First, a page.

Although there are tons of radio chip drivers, few-to-none come with a baked in command interpreter. The awesome part about this interpreter is that any frontend can control the radio as long as it can pass strings (Android, Linux, iOS, WiFi/Bluetooth-enabled microcontroller, etc)! This project contains a driver and interpreter for the RDA5807M FM radio module (can be had for 30-40 cents, shipped!) using an Intel Galileo (Gen 2), Debian Jessie and Intel's MRAA (for I2C). RDS/RBDS is on the way, but basic radio functionality is currently supported.
If you want to know how to port the code to another board (such as a Raspberry Pi), feel free to get in touch!
What I wanted from the project:
I enjoy listening to FM radio, but I've wanted to have a radio that's controllable over the internet. Due to the interest in streaming, few manufacturers actually make network-controllable FM radios.
Having said that, I wanted to be able to drop a new frontend on with minimal effort. Specifically, I'm eyeing using a Java GUI, Android app, and an MSP432 paired with an ESP8266 for control interfaces, although I'm not at this stage yet.
What does this entail? I decided to have strings serve as commands, and adding a new frontend entails sending strings to the control software (relatively easy!)
Relatively portable code; I'm looking to drop the RDA5807M onto a Pi Zero, so I want this framework to allow for very easy migration to a different platform.
Intel Galileo, Gen 2, with Debian Jessie
RDA5807M FM radio module
I2C communication is handled via Intel's MRAA
Entirely in C++. Clang is used on the galileo for compiling due to some issues with GCC on the galileo, but I've been building on my development machine using GCC.
Currently, about 30 or so commands are supported. These commands allow for changing frequencies, viewing status info, changing volume, displaying a dot-plot of RSSI versus frequency, and more.
Basic radio functionality works beautifully.
RDS is up-and-coming. I've added the basic RDS layers in. All that's left is to drop on the couple dozen lines for group-specific parsing.
Control is done via command prompt by executing the Radio program (located in the make directory after a build). The next step is to pull stdin from a socket in order to allow network control - also not too bad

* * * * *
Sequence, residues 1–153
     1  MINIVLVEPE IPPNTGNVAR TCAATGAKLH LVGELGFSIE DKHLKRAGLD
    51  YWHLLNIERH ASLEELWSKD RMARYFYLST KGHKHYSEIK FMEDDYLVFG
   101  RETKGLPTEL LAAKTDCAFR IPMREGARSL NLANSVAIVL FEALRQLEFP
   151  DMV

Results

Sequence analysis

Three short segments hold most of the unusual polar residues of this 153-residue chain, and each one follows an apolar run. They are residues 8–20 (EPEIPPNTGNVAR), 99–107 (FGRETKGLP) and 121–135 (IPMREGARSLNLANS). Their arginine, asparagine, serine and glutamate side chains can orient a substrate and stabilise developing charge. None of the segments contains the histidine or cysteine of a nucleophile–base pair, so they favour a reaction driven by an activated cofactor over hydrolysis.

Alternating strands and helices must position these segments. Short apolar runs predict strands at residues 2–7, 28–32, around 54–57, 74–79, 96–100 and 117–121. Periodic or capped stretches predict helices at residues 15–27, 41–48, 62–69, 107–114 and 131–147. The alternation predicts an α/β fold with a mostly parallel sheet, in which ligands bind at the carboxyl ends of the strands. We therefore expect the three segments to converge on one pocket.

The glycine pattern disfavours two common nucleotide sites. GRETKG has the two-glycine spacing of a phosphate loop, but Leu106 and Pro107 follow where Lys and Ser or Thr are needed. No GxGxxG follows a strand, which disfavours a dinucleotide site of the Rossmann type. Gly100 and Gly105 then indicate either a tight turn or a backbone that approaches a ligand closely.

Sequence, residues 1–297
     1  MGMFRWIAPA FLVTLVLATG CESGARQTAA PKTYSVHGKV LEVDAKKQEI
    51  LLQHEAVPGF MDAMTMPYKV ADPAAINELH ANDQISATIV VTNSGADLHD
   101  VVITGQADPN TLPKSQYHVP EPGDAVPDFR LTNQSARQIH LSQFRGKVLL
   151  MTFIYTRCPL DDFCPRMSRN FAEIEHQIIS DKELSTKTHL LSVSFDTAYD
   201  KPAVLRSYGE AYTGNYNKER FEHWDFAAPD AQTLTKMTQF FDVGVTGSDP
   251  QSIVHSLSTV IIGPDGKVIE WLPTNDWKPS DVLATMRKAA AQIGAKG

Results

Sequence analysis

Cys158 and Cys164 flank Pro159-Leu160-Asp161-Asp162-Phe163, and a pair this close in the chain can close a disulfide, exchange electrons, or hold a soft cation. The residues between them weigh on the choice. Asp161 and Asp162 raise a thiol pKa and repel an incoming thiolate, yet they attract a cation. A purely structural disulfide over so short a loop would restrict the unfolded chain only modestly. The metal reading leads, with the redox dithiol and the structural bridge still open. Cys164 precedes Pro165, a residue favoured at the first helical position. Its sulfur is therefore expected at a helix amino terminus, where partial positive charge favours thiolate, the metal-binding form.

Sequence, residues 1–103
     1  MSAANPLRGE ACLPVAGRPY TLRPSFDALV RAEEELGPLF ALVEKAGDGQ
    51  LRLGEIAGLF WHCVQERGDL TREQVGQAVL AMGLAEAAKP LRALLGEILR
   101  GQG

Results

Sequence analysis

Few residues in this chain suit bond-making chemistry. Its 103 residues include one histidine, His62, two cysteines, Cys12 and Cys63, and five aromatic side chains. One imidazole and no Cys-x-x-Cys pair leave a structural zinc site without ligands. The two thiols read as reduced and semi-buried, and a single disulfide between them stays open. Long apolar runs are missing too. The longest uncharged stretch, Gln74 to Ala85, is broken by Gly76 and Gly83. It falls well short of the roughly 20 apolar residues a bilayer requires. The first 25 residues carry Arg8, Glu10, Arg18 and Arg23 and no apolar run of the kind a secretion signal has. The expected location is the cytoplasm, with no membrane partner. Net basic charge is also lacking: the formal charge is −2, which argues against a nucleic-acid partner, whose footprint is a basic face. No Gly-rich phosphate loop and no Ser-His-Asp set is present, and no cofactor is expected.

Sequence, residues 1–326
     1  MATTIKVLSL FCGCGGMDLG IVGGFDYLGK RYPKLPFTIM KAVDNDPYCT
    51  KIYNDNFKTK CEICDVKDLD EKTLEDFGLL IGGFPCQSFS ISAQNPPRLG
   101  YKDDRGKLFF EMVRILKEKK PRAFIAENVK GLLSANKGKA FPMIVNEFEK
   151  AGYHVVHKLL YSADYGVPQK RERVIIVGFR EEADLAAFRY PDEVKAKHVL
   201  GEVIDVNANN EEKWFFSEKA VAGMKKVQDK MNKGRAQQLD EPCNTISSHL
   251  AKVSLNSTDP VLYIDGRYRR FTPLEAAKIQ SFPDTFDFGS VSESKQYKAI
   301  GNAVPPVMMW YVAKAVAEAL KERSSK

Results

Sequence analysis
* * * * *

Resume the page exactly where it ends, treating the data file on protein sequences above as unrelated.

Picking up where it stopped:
To use an I2C library other than MRAA, the RDA5807M constructor will need to be changed accordingly. In addition, the only other I2C usages are in
RDA5807M::setI2cAddress(), RDA5807M::writeRegisterToDevice(), and RDA5807M::readRegisterFromDevic
usleep() is used several times in RDA5807MWrapper
General Architectural Overview:
Contained within projectRoot/driver. The RDA5807M class is the actual driver source.
The parsing, as well as all of the commands, are stored in projectRoot/command/CommandParser.cpp(.hpp).
A "command" is modeled as a templated class. This class contaisn a string (the command itself), a function pointer to a function within projectRoot/driver_wrapper/RDA5807MWrapper.cpp(.hpp) which takes an int as a parameter and returns the type specified by the command template type. Currently, commands that return uint32_t, std::string, or RDA5807M::StatusResult are supported.
RDA5807MWrapper class is an interface for the command interpreter into the driver. These functions generally take an int as a type, return a uint32_t, std::string, or RDA5807M::StatusResult, and directly call one of the functions in RDA5807M. Some functions in this wrapper perform additional work, such as RDA5807MWrapper::getRdsInfoString() or RDA5807MWrapper::generateFreqMap().
The makefiles are stored in the make directory. They're modified versions of makefiles generated by Eclipse. There's a few things that'll need to change depending on your setup, in particular:
If you're not using mraa, find and replace references to mraa within the makefiles
Another item on my list is to clean up the makefiles. Having said that, my personal directories are hardcoded in. Find and replace instances of "/home/ben/Development/RDA5807M" with the root directory of the project.